The annual meeting of the Middle East Studies Association (MESA) in San Antonio, Texas, is only a little over a month away. Yemen will be well represented this year, both in AIYS sponsored panels and individual papers. The AIYS General Information meeting, to which all are invited, will be Friday, November 16, 4-5 in room Mission B (2).
Here are the panels and papers on Yemen:
Friday, November 16, 11-1, AIYS Panel
(5224) Anthropology in War-Torn Yemen: Challenges, Dilemmas, and Alternative Methodologies.
Organizers: Susanne Dahlgren and Marina de Regt
Chair: Stacey Philbrick Yadav, Hobart & William Smith Colls.
Marina de Regt, Vrije Universiteit-Amsterdam-Finding Ways to Work on Yemen: A Plea for Engaged Scholarship
Susanne Dahlgren, U of Tampere/National U of Singapore-Securitized Yemen: Studying a Popular Revolution in the Shadow of War, Drones and Terrorism
Nathalie Peutz, NYU-Abu Dhabi-Fieldwork in a Yemeni “Village” Displaced and Constituted by War
Saturday, November 17, 8:30-10:30
(5307) Unorthodoxies Shi’ism, Sufism, Feminism
Michael Dann, U of Illinois-Zaydi and Imami Appropriations of Early Shi’i Hadith Narrators
Saturday, November 17, 11-1 AIYS Panel
(5057) The Birth of Modern Yemen: Internal Views of the 1960s Civil War
Organizer: Marieke Brandt
Chair: J. E. Peterson, Tucson, Arizona
Marieke Brandt, Austrian Academy of Sciences-A Tribe and Its States: Yemen’s 1972 Bayhan Massacre Revisited
Joshua Rogers, SOAS, U of London-Aid and Taxes: A Political Economy Analysis of the Civil War in North Yemen 1962-1970
Gabriele Vom Bruck, SOAS, U of London-Domestic Photography and Memories of Loss in Northern Yemen
Zaid Alwazir, Yemen Heritage & Research Center-The Third Force’s Role in Yemen’s Peacemaking and Achieving National Reconciliation (1964-1970)
Saturday, November 17, 3-5
(5118) Challenges Facing Yemen’s Millennia-Long Cultural Heritage (Roundtable)
Organizer: Mac Skelton, Johns Hopkins U
Chair: Sama’a Al-Hamdani, Yemen Cultural Institute for Heritage and the Arts
Alexander Nagel, Smithsonian Institution, National Museum of Natural History
Najwa Adra, American Institute for Yemeni Studies and Institute for Social Anthropology, Austrian Academy of Sciences
Nathalie Peutz, NYU Abu Dhabi
Sabine Schmidtke, Institute for Advanced Study
Saturday, November 17, 3-5
(5059) Beyond the Written Word: Unity and Diversity across Transmission and Transformation of Medieval Textual Traditions in the Arabian Peninsula
Anne Regourd, CNRS, UMR 7192-Questioning the Birth of a Tradition
Corrado la Martire, U of Cologne-How to Conceal the Tradition into the Text: Tayyibi Isma’ili “Codes of Conduct” (adab al-du’at) between Yemen and India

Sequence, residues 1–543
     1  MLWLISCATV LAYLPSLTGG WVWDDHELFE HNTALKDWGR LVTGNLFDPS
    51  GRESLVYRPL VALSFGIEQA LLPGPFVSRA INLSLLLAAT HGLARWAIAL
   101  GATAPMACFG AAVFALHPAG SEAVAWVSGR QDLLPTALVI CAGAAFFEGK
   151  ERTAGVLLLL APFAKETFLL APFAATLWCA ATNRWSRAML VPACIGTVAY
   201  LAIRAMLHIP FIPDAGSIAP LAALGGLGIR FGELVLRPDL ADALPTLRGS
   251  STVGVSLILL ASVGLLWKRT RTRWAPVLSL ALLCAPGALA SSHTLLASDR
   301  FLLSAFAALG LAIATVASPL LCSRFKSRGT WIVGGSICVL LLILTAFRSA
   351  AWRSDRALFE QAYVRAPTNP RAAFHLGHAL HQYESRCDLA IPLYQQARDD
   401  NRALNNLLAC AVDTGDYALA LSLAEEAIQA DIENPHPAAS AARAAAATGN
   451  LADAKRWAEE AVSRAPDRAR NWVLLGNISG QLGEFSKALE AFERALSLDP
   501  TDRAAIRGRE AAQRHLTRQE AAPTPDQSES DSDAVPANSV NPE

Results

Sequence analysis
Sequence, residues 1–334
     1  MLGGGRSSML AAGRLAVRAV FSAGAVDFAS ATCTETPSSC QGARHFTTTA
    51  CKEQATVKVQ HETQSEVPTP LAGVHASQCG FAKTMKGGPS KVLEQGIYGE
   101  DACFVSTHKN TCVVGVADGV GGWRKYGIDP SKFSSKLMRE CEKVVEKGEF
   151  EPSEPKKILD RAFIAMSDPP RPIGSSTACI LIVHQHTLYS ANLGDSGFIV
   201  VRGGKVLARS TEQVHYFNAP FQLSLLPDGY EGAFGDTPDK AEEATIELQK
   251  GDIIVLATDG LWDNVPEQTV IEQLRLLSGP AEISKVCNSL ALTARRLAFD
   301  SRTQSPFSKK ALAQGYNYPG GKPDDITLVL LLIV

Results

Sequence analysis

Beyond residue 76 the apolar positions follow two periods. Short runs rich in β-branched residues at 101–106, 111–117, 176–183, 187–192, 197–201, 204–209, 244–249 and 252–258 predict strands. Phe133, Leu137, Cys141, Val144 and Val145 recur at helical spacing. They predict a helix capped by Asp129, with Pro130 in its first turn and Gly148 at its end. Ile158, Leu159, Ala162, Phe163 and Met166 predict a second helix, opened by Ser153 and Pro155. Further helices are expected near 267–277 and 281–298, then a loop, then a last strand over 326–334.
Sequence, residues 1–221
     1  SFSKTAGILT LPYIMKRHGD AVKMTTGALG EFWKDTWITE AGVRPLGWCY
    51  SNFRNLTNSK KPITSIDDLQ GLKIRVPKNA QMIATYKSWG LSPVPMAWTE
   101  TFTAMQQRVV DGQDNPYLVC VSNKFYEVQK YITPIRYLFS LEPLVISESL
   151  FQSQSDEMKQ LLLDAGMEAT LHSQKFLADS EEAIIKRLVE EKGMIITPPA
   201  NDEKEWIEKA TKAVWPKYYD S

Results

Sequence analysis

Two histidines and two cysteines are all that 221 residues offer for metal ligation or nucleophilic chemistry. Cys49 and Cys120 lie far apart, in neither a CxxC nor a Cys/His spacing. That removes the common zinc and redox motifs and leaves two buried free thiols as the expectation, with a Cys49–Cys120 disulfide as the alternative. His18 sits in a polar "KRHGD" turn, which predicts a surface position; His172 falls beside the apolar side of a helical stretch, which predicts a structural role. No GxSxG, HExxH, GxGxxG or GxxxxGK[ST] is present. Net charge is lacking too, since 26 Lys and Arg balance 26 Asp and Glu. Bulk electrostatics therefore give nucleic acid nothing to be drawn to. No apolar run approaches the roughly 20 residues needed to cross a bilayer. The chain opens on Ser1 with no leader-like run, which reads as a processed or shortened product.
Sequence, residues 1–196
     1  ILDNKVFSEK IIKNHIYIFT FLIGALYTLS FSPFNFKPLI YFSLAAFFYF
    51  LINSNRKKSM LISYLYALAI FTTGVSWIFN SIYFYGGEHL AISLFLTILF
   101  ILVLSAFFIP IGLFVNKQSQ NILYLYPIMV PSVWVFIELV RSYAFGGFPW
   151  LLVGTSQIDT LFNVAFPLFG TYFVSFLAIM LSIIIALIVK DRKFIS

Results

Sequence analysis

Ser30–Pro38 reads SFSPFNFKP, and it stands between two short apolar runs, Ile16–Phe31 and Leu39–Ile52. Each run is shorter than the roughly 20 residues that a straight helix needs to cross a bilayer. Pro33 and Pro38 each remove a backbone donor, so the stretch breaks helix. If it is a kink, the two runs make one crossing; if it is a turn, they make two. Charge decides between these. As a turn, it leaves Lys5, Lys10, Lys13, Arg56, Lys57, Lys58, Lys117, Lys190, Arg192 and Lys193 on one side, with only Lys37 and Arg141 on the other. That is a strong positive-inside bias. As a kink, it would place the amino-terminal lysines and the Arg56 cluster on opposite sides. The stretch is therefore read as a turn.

Sunday, November 18, 1:30-3:30
(5105) The Indian Ocean without Boundaries: A Historical Perspective
Organizer: Daniel Martin Varisco
Chair: Roxani Margariti, MESAS Department, Emory U
Craig Perry, U of Cincinnati-The Slave Trade in the Indian Ocean before 1500: Evidence and Interpretive Challenges
Andre Gingrich, Austrian Academy of Sciences-Local Knowledge in Pre-Colonial Maritime Interactions
Marina Tolmacheva, Washington State U-Managing Monsoons: Mamluk-Era Voyaging East
Daniel Martin Varisco, American Institute for Yemeni Studies-Sailing with and against the Winds: Navigation in the Red Sea Indian Ocean Network in the Ayyubid, Rasulid and Mamluk Eras
Sunday, November 18, 8:30-10:30
(5279) Composing a Community of Words in the Islamic World: From Medieval to Modern
Emily Sumner, U of Minnesota-“In Our Sea Their Sins Must Drive Them”: The Righteousness of the Huthi Zamil
Sunday, November 18,1:30-3:30
(5061) Medical Mobilities and Transformations in the Global Middle East
Shireen Hamza, Harvard U-Stretching the Body: Preparing to Travel in the Indian Ocean World
In December, 1951, an Egyptian delegation led by Fu’ād Sayyid ‘Imāra, the head of Arabic manuscripts in the Egyptian National library, arrived in Aden on their way to microfilm Yemeni manuscripts. They were received in Ta‘izz by Imam Aḥmad and Foreign Minister Qadi al-‘Amrī and then flew on to Ṣan‘ā’, where they had access to the Western Library of the Great Mosque. They were able to microfilm about 300 manuscripts, including from the collections of the former Imam Yaḥyā and other private collections. This important bibliographic volume is available online.
The topics covered in the manuscripts copied were the following: 110 on kalām, 35 on fiqh and ‘uṣūl, 33 on ta’rīkh, 20 on ḥadīth, 20 on adab, 19 on tafsīr and ‘ulūm al-Qu’rān, 13 on lugha, 8 on Ismā‘īliyya and extreme Shi‘a groups, 5 on various subjects, 3 on qarā’āt and tajwīd, 3 on siyāsa and ijtimā‘ and 2 on manṭiq. Because many of the manuscripts come from royal collections, this is a great asset for anyone studying Zaydi Yemen.
Selections from the Great Mosque Western Library